Dave Chappelle's shrewd parodies, stinging satires, and boldly imaginative fantasias simply pour from the second season of his Comedy Central show, in every respect as funny as his well-received debut year. The structure is the same: a relaxed Chappelle introduces each sketch to an enthusiastic, studio audience (some of these introductions amount to stand-up routines), and then the madness begins. Among the many highlights from the 13 episodes on this boxed set's three discs is a mock ad for Samuel L. Jackson beer, featuring Chappelle's hilarious impression of Jackson's stern, overbearing persona from "Pulp Fiction", and a dozen other features. Chappelle, considering a career in politics, floats a couple of trial campaign commercials, including one that promises to solve America's health care crisis by giving every citizen a fake Canadian I.D. Chappelle also suggests an effective program for teaching sexual abstinence to high school students: Forcing them to watch their principals have sex with the oldest female teachers on staff.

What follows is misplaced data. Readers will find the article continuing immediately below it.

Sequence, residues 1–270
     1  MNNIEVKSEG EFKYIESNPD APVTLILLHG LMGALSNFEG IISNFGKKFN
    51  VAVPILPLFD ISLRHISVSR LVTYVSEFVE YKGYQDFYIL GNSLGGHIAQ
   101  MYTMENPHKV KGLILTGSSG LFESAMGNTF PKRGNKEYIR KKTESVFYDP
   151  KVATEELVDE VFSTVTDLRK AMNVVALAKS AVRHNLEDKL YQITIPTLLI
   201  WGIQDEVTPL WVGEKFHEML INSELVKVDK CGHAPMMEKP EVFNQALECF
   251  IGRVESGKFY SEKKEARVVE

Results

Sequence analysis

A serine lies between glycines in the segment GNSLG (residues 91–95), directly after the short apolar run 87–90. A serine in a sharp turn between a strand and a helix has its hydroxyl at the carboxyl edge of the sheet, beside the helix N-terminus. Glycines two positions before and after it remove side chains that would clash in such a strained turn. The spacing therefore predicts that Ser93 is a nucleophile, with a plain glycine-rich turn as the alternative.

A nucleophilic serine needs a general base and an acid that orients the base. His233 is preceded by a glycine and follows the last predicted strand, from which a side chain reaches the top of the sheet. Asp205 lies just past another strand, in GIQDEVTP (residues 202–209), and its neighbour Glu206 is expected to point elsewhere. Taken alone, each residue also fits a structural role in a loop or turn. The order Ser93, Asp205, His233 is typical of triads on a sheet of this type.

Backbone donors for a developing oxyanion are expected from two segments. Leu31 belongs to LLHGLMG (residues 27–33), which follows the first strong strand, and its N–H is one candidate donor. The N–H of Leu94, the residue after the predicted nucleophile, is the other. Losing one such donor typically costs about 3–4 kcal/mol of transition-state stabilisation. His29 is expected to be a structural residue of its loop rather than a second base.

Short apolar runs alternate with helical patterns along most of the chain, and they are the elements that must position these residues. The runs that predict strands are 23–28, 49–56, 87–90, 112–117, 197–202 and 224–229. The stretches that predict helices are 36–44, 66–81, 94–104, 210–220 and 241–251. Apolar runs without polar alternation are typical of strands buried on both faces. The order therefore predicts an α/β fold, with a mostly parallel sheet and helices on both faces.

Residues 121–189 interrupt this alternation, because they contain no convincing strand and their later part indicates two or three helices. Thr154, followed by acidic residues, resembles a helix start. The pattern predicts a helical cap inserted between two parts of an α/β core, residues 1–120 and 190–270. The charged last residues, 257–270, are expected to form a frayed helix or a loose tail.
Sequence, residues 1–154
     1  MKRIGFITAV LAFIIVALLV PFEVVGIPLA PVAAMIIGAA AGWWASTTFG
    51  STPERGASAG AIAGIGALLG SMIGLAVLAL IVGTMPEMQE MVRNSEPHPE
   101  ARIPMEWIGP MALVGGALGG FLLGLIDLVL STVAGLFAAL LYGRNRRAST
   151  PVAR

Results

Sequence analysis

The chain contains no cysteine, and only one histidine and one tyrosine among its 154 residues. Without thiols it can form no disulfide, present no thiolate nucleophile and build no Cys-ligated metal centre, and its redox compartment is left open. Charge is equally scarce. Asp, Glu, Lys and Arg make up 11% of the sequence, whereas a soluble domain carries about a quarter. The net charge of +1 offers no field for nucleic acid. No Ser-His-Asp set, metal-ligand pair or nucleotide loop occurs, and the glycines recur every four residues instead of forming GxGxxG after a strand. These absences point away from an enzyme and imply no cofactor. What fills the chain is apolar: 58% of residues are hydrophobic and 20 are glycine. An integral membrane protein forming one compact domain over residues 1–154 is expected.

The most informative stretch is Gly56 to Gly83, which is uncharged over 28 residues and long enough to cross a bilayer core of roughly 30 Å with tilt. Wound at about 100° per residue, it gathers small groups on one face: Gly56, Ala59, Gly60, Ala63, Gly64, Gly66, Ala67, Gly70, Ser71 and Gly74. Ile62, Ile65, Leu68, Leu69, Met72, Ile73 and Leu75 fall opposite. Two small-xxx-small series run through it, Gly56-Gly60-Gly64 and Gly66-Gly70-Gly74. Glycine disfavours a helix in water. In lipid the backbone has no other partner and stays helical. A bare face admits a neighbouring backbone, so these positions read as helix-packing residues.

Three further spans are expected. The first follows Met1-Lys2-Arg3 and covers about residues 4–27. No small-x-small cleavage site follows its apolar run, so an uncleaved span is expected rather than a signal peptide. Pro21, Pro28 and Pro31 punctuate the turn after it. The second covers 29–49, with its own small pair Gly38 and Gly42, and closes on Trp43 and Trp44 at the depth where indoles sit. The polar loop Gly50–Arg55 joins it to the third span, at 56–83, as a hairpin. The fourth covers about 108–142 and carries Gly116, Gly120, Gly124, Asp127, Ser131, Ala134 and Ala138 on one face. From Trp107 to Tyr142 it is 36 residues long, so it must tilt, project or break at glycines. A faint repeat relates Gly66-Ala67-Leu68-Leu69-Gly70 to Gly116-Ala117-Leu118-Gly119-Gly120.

There's a good bit, too, about black soothsayer Negrodamus, whose ability to foresee events is limited to the fortunes of celebrities. Coming under fire (amusingly) are those McDonald's commercials suggesting that burger-flipping employment for African Americans can overhaul inner city communities. But, as with season 1, there are several masterpieces in this collection as well, such as Chappelle's vision of what the Internet would look like if it was a place you could actually, physically visit (with the equivalents of pop-up ads, porn sites, etc.). Equally inspired is a sketch in which a freeloading Chappelle, having impregnated the ultra-rich Oprah Winfrey, indulges his every whim. Best of all is Chappelle's take on what President Bush's administration would look like if the Chief Executive were, in fact, a black man. "--Tom Keogh"